|US6058949 *||Apr 16, 1998||May 9, 2000||Engle; Marcus J.||Vacuum transfer system and method for food grade product|
|US6089242 *||Feb 10, 1998||Jul 18, 2000||Babson Bros. Co.||Dairy harvesting facility wash system|
|US6425408||Mar 17, 2000||Jul 30, 2002||Marcus J. Engle||Vacuum transfer system utilizing biased ball|
|US6729338||Jun 3, 2002||May 4, 2004||Marcus J. Engle||Vacuum transfer system and method for food grade product|
|US7162971 *||Dec 19, 2003||Jan 16, 2007||Lattec I/S||Milk conveyer device|
|US7270079||Jan 5, 2006||Sep 18, 2007||Lattec I/S||Milk conveyer device|
|US7690328||Jan 14, 2008||Apr 6, 2010||Lattec I/S||Milk conveyer device|
|US8025029||Sep 4, 2009||Sep 27, 2011||Gea Farm Technologies, Inc.||Automatic dairy animal milker unit backflusher and teat dip applicator system and method|
|US8033247||Sep 4, 2009||Oct 11, 2011||Gea Farm Technologies, Inc.||Automatic dairy animal milker unit backflusher and teat dip applicator system and method|
|US8256378 *||Jul 24, 2009||Sep 4, 2012||Lely Patent N.V.||Closing device for milking device|
|US8336502||Nov 10, 2009||Dec 25, 2012||Gea Farm Technologies Gmbh||Method and device for automatically bringing a fluid into contact with the teats of an animal|
|US8342125||Sep 4, 2009||Jan 1, 2013||Gea Farm Technologies, Inc.||Safety valve for an automatic dairy animal milker unit backflusher and teat dip applicator|
|US8528500||Sep 27, 2011||Sep 10, 2013||Gea Farm Technologies, Inc.||Automatic dairy animal milker unit backflusher and teat dip applicator system and method|
|US8590486||Dec 28, 2012||Nov 26, 2013||Gea Farm Technologies, Inc.||Safety valve for an automatic dairy animal milker unit backflusher and teat dip applicator|
|US8770146||Mar 15, 2013||Jul 8, 2014||Gea Farm Technologies, Inc.||Methods and apparatus for applying teat dip to a dairy animal|
|US8925483||Feb 22, 2011||Jan 6, 2015||Gea Farm Technologies, Inc.||Dairy harvesting facility with milk line protection system and methods|
|US8991335||Jan 13, 2012||Mar 31, 2015||Gea Farm Technologies, Inc.||Milk tube dome with flow controller|
|US9072273||Oct 10, 2011||Jul 7, 2015||Gea Farm Technologies, Inc.||Automatic dairy animal milker unit backflusher and teat dip applicator system and method|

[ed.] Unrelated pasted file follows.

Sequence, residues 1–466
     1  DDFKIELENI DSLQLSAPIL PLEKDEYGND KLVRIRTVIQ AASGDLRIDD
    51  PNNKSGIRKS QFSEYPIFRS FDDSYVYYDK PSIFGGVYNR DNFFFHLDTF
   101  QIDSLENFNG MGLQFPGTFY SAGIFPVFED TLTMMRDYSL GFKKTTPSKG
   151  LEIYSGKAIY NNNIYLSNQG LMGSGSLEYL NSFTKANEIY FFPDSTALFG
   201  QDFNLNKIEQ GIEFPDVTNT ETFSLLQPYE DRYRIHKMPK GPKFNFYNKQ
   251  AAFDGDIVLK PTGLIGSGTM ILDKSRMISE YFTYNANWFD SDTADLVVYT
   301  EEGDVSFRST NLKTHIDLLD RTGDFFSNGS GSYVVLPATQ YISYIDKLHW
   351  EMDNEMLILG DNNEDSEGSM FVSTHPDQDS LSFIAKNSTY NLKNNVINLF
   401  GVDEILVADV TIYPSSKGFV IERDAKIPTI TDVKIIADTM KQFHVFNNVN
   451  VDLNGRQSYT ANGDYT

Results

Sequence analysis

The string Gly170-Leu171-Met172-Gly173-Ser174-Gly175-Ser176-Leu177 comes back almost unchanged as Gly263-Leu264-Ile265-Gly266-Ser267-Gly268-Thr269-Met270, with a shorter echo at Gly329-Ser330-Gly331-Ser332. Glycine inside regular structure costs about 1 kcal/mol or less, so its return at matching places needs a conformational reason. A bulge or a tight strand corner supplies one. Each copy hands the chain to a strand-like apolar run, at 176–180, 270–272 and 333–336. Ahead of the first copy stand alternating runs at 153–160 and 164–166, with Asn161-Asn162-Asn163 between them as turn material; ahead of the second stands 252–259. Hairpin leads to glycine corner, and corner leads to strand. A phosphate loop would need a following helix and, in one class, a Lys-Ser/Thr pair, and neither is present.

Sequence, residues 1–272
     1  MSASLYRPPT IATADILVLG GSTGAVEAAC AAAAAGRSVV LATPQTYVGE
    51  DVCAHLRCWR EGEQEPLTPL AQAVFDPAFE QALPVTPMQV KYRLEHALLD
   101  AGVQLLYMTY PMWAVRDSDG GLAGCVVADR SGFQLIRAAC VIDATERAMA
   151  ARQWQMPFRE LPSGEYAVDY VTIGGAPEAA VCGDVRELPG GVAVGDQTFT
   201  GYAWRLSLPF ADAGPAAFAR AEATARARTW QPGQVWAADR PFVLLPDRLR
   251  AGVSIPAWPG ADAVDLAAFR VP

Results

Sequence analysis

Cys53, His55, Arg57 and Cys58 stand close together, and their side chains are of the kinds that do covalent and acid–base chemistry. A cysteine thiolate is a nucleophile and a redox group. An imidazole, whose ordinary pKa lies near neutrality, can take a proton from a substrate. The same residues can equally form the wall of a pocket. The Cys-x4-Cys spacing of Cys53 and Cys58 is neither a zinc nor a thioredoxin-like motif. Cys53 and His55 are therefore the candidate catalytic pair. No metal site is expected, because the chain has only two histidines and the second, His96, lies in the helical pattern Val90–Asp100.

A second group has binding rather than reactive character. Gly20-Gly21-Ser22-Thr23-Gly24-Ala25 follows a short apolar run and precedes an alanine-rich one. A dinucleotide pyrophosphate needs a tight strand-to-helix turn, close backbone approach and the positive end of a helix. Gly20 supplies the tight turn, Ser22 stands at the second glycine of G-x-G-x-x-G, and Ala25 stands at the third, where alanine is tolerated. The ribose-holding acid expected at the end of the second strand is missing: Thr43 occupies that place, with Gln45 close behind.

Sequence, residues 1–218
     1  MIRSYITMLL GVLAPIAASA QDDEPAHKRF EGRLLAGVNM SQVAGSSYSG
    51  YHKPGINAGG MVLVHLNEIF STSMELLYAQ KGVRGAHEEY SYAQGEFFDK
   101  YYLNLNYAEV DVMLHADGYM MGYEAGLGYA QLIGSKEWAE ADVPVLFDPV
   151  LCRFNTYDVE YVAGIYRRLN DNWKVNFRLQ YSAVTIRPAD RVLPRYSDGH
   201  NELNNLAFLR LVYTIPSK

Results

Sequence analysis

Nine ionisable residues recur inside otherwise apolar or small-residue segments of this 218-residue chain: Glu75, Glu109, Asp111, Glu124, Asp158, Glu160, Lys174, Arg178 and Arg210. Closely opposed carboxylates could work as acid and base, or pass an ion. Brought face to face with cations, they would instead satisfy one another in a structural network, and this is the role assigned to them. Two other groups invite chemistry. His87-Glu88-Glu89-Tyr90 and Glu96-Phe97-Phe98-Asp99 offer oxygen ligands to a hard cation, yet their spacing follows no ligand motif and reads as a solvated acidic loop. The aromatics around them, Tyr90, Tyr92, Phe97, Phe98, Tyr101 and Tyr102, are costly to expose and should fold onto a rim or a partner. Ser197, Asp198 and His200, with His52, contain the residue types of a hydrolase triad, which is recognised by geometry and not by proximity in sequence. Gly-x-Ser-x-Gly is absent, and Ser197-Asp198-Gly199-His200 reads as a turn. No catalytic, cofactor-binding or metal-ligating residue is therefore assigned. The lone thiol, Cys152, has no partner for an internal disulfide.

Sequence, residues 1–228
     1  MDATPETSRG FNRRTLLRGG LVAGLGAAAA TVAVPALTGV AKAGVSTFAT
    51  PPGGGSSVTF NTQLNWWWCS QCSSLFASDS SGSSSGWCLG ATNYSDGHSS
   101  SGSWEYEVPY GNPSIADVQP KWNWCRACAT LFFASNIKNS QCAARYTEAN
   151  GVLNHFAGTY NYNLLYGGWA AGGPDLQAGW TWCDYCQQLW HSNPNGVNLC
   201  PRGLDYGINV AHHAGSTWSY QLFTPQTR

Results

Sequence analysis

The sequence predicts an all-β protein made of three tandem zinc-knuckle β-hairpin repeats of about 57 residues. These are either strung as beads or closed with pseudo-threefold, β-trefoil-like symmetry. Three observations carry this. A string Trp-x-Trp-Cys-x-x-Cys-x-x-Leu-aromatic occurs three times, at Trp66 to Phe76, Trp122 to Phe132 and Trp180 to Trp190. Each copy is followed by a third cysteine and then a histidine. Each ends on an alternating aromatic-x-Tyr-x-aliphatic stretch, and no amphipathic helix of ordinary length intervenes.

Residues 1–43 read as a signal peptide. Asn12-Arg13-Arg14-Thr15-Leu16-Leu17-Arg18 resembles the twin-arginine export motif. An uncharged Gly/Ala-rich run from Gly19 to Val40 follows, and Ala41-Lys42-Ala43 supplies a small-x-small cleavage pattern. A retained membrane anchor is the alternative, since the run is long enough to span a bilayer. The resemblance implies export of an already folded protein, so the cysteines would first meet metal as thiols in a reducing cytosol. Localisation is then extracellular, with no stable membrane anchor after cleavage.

|US9468189||Dec 31, 2014||Oct 18, 2016||Gea Farm Technologies, Inc.||Safety valve for an automated milker unit backflushing and teat dip applicator system|
|US9491925 *||Dec 31, 2014||Nov 15, 2016||Gea Farm Technologies, Inc.||Valve block for a backflushing and teat dip applicator system|
|US9504226||Jun 3, 2014||Nov 29, 2016||Gea Farm Technologies, Inc.||Methods and apparatus for applying teat dip to a dairy animal|
|US9510556||Dec 31, 2014||Dec 6, 2016||Gea Farm Technologies, Inc.||Dosage valve for a backflushing and teat dip applicator system|
|US9526224||Dec 20, 2013||Dec 27, 2016||Gea Farm Technologies Gmbh||Safety valve device|
|US9545079||Feb 20, 2015||Jan 17, 2017||Gea Farm Technologies, Inc.||Milk tube dome with flow controller|
|US9686958||May 6, 2016||Jun 27, 2017||Gea Farm Technologies, Inc.||Methods for preparing a dairy animal for milking|
|US9763421||Dec 16, 2014||Sep 19, 2017||Gea Farm Technologies, Inc.||Dairy harvesting facility with milk line protection system and methods|
|US9770006||Mar 31, 2016||Sep 26, 2017||Gea Farm Technologies, Inc.||Milk tube dome with flow controller|
|US20020144716 *||Jun 3, 2002||Oct 10, 2002||Engle Marcus J.||Vacuum transfer system and method for food grade product|
|US20040194712 *||Dec 19, 2003||Oct 7, 2004||Lattec I/S||Milk conveyer device|
|US20050121076 *||Jan 19, 2005||Jun 9, 2005||Engle Marcus J.||Vacuum transfer system and method for food grade product|
|US20060107899 *||Jan 5, 2006||May 25, 2006||Lattec I/S||Milk conveyer device|
|US20070240907 *||Apr 5, 2007||Oct 18, 2007||Tracto-Technik Gmbh & Co. Kg||Method and apparatus for operating an actuator|
|US20080276870 *||Jan 14, 2008||Nov 13, 2008||Lattec I/S||Milk conveyer device|
|US20100132626 *||Sep 4, 2009||Jun 3, 2010||Gea Farm Technologies, Inc.||Automatic dairy animal milker unit backflusher and teat dip applicator system and method|
|US20100139574 *||Nov 10, 2009||Jun 10, 2010||Wolfgang Schulze Wilmert||Method and device for automatically bringing a fluid into contact with the teats of an animal|
|US20100139723 *||Sep 4, 2009||Jun 10, 2010||Gea Farm Technologies, Inc.||Automatic dairy animal milker unit backflusher and teat dip applicator system and method|
|US20100154900 *||Sep 4, 2009||Jun 24, 2010||Gea Farm Technologies, Inc.||Safety valve for an automatic dairy animal milker unit backflusher and teat dip applicator|
|US20100175623 *||Jul 24, 2009||Jul 15, 2010||Lely Patent N.V.||Closing device for milking device|
|CN104285821A *||Sep 3, 2010||Jan 21, 2015||Gea农场技术股份有限公司||Automatic dairy animal milker unit backflusher and teat dip applicator system|
|EP0819388A1 *||Jul 16, 1996||Jan 21, 1998||Gilna Corporation N.V.||Apparatus for disinfection in the alimentary industry, comprising an ozonized air generator|
|U.S. Classification||137/624.18, 137/869, 134/99.1, 119/14.18, 134/56.00R, 134/171|
|Cooperative Classification||Y10T137/86445, A01J7/02, Y10T137/87764|
|Jul 13, 1981||AS||Assignment|
Owner name: ECONOMICS LABORATORY, INC., OSBORN BLDG., SAINT PA
Free format text: ASSIGNMENT OF ASSIGNORS INTEREST.;ASSIGNOR:MEHUS, RICHARD J.;REEL/FRAME:003903/0077
Effective date: 19810710
|Jan 6, 1988||FPAY||Fee payment|
Year of fee payment: 4
|Dec 13, 1991||FPAY||Fee payment|
Year of fee payment: 8
|Mar 5, 1996||REMI||Maintenance fee reminder mailed|
|Jul 28, 1996||LAPS||Lapse for failure to pay maintenance fees|
|Oct 8, 1996||FP||Expired due to failure to pay maintenance fee|
Effective date: 19960731